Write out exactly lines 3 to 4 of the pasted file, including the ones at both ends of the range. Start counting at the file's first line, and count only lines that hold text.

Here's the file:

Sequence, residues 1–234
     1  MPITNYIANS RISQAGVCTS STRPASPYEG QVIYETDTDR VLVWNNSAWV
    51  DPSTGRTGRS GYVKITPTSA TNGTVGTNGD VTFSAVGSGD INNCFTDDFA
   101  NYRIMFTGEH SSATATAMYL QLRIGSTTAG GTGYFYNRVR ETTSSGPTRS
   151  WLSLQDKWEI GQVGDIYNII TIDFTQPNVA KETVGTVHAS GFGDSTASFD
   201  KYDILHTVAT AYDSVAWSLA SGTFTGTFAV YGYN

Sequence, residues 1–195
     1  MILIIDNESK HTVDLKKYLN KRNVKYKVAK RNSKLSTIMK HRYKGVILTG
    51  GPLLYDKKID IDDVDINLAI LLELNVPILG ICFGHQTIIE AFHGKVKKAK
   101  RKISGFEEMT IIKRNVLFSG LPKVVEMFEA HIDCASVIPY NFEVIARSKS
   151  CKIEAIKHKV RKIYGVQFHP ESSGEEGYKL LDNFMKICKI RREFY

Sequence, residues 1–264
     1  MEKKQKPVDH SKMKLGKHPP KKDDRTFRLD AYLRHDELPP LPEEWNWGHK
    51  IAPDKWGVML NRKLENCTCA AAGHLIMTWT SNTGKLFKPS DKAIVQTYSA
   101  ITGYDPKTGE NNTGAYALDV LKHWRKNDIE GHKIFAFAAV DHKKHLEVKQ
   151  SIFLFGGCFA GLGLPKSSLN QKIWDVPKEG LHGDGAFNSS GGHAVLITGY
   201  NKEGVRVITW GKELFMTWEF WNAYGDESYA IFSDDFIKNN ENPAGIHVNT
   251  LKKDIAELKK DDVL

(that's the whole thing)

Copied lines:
    51  DPSTGRTGRS GYVKITPTSA TNGTVGTNGD VTFSAVGSGD INNCFTDDFA
   101  NYRIMFTGEH SSATATAMYL QLRIGSTTAG GTGYFYNRVR ETTSSGPTRS